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Haruna Lee.

The Subtext: Toward Liberation With Haruna Lee

For the final episode of 2021, Brian talks to the writer of ‘Suicide Forest’ about roles that are different than, and closer to, their true self.

Each month Brian James Polak (he/him) talks to playwrights about the things usually left unsaid. In conversations that dive into life’s muck, we learn what irks, agitates, motivates, inspires and—ultimately—what makes writers tick.

Brian closes out 2021 with a conversation with the playwright and performer Haruna Lee. They are the creator and writer of the Obie-winning Suicide Forest, directed by Aya Ogawa and hailed by The New York Times as “vivid, haunted, heart-stingingly tender and explicitly personal…A wild ride of a production.” An investigation of how Japanese suicide has symbolically permeated Lee’s transcultural and social identities, the play had its world premiere at the Bushwick Starr in 2019, with an Off-Broadway remount in 2020 with Ma-Yi Theater Company. 

In this episode Haruna talks about moving to the U.S. from Japan at eight years old and finding themself living on an island in a lake in Washington state. They originally found theatrical inspiration through an opportunity to perform in a musical about Lewis and Clark, thinking they’d be perfect for the role of Sacagawea, since they were the only person of color auditioning. Instead they found themself cast as Lewis, an exhilarating experience that made them decide what they wanted to do with their life: crawl into roles that allow them to be a completely different person. It wasn’t until they attended undergrad at NYU when they began to write plays, crafting works for themself to perform that felt closer to who they were.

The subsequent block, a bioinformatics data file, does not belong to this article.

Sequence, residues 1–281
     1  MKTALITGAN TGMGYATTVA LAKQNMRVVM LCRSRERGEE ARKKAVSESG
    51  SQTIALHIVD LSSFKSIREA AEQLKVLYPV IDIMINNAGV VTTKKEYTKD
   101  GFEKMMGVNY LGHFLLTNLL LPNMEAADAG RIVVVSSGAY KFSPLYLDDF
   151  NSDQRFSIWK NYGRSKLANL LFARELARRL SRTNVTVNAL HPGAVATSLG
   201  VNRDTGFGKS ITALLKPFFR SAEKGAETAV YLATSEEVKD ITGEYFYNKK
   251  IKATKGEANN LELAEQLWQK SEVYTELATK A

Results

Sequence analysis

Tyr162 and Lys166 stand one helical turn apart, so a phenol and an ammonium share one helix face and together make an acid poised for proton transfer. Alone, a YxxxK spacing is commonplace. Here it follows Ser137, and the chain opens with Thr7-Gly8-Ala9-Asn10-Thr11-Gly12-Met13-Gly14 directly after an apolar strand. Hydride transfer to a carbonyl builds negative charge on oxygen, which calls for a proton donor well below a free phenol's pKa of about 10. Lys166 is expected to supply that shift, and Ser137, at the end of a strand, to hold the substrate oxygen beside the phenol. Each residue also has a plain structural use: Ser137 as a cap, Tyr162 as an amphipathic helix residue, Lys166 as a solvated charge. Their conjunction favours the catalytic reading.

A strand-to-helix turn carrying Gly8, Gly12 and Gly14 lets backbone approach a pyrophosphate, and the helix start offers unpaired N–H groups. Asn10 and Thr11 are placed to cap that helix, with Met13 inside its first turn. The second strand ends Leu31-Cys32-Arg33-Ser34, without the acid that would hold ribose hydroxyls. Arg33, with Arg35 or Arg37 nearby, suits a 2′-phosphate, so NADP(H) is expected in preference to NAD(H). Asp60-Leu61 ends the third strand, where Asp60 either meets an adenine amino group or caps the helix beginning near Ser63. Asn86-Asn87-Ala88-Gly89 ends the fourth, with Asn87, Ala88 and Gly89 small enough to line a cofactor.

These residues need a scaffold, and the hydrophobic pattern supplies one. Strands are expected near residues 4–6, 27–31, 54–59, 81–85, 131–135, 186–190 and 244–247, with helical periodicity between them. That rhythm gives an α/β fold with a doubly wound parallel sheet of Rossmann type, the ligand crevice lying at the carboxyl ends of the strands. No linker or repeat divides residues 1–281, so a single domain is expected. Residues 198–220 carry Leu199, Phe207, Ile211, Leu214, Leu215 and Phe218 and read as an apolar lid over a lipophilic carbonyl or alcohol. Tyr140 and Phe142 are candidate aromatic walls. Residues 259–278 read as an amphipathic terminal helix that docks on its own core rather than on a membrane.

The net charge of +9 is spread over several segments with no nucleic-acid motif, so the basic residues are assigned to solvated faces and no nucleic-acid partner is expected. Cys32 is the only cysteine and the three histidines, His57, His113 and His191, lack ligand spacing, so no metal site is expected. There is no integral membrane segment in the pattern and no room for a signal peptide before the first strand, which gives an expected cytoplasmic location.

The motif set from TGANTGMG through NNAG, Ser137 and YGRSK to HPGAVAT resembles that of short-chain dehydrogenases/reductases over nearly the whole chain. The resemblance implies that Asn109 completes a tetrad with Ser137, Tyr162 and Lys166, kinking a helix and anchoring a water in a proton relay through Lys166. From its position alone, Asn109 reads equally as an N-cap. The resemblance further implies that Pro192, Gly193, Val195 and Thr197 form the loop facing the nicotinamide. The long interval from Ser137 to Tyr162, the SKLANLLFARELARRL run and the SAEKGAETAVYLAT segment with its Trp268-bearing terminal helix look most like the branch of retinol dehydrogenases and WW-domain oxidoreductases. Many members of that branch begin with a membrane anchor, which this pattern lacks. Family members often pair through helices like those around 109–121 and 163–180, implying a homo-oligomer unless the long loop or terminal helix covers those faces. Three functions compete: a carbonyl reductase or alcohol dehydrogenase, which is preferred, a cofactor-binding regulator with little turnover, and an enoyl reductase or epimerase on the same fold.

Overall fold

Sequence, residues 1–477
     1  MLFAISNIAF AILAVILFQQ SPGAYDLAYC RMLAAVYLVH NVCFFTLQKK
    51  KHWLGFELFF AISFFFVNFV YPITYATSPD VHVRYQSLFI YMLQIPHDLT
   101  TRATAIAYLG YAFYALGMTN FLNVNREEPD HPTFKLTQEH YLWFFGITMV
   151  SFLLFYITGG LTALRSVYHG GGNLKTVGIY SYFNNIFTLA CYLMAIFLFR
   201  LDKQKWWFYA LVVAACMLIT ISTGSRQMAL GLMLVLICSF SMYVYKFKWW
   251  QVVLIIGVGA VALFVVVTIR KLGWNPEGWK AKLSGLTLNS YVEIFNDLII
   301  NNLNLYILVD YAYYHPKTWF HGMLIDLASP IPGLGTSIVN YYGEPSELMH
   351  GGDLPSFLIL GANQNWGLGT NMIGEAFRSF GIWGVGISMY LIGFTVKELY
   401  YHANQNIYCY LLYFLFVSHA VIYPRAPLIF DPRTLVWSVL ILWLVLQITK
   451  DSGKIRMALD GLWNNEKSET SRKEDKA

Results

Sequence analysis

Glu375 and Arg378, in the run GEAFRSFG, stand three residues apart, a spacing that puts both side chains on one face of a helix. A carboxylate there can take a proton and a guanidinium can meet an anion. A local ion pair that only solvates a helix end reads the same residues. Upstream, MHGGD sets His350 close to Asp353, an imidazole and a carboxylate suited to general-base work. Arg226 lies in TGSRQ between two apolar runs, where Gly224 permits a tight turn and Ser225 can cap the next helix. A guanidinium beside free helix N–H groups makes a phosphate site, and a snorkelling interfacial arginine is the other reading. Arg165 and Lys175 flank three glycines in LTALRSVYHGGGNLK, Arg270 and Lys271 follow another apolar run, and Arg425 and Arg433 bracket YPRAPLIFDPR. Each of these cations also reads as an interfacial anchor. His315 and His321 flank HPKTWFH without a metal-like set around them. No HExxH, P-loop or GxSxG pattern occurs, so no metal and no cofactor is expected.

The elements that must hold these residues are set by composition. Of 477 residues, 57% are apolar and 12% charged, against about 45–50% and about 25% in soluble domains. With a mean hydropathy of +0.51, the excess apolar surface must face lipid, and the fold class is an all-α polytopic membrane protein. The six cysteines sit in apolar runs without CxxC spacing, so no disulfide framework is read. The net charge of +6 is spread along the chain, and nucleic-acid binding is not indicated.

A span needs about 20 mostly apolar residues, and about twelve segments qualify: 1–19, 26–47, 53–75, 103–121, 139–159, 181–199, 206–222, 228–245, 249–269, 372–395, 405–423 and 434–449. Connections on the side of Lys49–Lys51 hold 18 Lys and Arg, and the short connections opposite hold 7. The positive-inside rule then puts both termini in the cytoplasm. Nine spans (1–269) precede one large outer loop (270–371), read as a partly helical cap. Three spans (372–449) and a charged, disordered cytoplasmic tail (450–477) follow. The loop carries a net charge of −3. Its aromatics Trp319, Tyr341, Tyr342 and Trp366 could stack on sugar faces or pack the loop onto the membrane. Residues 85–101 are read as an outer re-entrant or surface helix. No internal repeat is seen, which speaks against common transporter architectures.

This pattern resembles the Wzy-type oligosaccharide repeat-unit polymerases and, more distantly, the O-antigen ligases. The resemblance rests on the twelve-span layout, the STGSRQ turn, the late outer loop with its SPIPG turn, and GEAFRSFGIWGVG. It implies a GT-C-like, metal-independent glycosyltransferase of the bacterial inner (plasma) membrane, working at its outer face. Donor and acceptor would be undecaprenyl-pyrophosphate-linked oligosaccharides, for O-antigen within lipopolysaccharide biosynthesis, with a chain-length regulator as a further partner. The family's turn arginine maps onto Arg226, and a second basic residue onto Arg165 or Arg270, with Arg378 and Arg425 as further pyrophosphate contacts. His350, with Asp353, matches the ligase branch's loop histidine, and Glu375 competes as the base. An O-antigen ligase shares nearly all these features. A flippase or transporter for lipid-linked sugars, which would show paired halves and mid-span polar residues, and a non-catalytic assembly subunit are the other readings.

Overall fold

Lee is currently writing for HBO Max’s The Flight Attendant, and is co-directing the Brooklyn College MFA Playwriting Program alongside Dennis A. Allen II. They have taught playwriting and performance at NYU Experimental Theater Wing, Stanford, Playwrights Horizons Theater School, PACE University, York College, and Abrons Arts Center. They hold an MFA from Brooklyn College for Playwriting where they studied with Mac Wellman and Erin Courtney.

The episode can also be found here.

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